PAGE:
As 1991 comes to an end, this extraordinary year continues to be characterized by dramatic developments.
Deal is Off
The Overseas Shipholding Group and Kloster Cruise have cancelled plans to set up a joint cruise line. This unexpected turn-around comes only three weeks after it was announced that OSG was planning to invest up to $225 million in a "new" Norwegian Cruise Line.
Neither company would comment officially, but sources suggested that OSG was seeking to limit its risk further by trying to gain more control of the timing of its investment's conversion into ownership.
Trygve Hegnar, Chief Executive of Kloster Cruise, said this week that he had not been seeking a partner but that the company had been approached by OSG. He also said that it was unlikely that he would be willing to enter into similar negotiations with another suitor.
Hegnar underlined that Kloster has been a "purchaser" not a "seller" referring to the company's acquisition of Royal Viking Line and Royal Cruise Line.
Hegnar also noted that OSG has been looking at the cruise market for several years and at one time considered buying RCL.
On the Oslo stock exchange, investors reacted negatively to the cancellation and, at press time, the shares of Vard, parent company to Kloster Cruise, were down.
The collapse of the deal also failed demonstrate the market values of the ships, a case frequently argued by Hegnar, when assessing the value of a cruise line.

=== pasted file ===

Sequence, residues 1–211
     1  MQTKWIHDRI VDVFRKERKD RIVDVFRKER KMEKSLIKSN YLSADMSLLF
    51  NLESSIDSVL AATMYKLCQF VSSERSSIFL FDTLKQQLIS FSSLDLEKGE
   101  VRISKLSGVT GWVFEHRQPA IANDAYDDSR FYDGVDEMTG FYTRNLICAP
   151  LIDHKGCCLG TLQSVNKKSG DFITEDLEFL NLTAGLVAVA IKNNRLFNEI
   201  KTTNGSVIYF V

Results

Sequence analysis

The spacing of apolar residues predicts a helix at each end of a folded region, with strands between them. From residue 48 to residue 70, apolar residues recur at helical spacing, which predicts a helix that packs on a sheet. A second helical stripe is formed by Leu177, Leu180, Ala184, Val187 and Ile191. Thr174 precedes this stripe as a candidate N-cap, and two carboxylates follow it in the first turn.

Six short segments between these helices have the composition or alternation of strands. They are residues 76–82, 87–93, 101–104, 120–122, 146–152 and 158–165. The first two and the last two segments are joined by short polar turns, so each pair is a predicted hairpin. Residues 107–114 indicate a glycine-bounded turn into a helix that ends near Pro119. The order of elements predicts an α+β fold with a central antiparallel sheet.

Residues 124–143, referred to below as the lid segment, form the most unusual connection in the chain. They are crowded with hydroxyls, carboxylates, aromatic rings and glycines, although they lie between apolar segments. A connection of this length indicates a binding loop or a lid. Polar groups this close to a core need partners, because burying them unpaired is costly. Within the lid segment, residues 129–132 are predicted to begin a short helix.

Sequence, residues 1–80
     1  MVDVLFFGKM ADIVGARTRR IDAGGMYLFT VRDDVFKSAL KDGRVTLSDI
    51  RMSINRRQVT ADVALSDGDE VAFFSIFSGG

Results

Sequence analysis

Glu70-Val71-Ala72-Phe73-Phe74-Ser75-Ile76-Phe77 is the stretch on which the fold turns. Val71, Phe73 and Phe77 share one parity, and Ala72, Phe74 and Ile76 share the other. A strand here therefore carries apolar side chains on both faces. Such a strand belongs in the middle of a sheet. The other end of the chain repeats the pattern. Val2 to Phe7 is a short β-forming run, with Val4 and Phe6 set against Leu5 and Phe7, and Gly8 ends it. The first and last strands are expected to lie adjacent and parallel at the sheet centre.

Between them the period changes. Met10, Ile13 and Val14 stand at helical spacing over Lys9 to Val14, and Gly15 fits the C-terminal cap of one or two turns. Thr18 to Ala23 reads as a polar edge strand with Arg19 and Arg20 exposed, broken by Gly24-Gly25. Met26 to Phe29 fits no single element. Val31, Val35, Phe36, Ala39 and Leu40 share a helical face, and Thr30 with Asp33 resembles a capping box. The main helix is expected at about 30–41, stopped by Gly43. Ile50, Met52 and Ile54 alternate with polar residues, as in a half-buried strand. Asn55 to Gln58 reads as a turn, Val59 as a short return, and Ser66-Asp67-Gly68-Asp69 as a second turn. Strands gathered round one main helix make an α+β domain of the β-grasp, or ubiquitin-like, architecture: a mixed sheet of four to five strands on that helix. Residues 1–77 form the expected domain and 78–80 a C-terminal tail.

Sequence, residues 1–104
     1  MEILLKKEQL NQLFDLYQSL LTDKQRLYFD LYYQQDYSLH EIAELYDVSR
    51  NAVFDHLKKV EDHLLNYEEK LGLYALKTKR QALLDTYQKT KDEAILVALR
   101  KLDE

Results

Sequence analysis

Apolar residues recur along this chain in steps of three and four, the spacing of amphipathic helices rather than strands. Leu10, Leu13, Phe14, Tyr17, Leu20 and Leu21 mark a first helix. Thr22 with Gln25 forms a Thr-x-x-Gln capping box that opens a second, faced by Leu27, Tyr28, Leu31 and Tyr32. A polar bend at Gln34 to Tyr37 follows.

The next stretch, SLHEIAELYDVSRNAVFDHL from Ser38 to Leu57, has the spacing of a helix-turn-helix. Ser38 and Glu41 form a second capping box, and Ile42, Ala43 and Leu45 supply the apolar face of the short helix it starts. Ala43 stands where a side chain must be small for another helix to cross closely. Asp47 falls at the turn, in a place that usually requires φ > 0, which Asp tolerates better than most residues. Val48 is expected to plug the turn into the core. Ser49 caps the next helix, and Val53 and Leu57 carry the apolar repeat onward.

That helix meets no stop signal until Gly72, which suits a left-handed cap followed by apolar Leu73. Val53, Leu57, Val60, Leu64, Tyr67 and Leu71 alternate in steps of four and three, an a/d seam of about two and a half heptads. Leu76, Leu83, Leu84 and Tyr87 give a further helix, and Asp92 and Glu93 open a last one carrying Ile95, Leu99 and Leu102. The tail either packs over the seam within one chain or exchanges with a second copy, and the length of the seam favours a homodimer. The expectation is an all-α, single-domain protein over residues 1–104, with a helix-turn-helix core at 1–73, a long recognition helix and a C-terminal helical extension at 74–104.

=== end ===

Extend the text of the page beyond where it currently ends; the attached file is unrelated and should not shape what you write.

In a prepared statement from Vard, released November 6, it was stated that the Board of Directors had decided to seek a partner, either for Kloster Cruise or one or more of its divisions. The statement said that a partnership would result in substantial strengthening of Vard and Kloster Cruise's capital base and serve as solid foundation for the company's further development.
Hegnar, however, said this week that Kloster does not need a partner and that the company is financially sound. He said that the restructuring had been costly, but that the company was now primed for 1992.
Commenting on recent lay-offs at Kloster Cruise in Miami, Hegnar said that the termination of 65 positions must be seen in context of the company's 900 shoreside employees and 5,300 employees including ships' personnel. He said that staff reduction was natural following the sales of the Skyward and the Starward.
Commenting on 1991, Hegnar said it has been a terrible year, but that 1992 looked promising. He said that advance booking for RVL and RCL were strong, but that the Caribbean market was weak.
RCCL Sells Admiral Ships
Royal Caribbean Cruises Ltd. has announced that it is selling the Azure Seas to Dolphin Cruise Line and is negotiating to sell the Emerald Seas to an unidentified buyer.
Richard Fain, Chairman and CEO of RCCL, said in a prepared statement that the two ships no longer fit into the company's long-range plans.
Eastern Cruise Line, Western Cruise Line and Sundance Cruises merged in 1986 and became Admiral. Among the owners were Gotaas-Larsen, then also a partner in RCCL. In 1988, the partners agreed to put both Admiral and RCCL into a new holding company, Royal Admiral Cruises.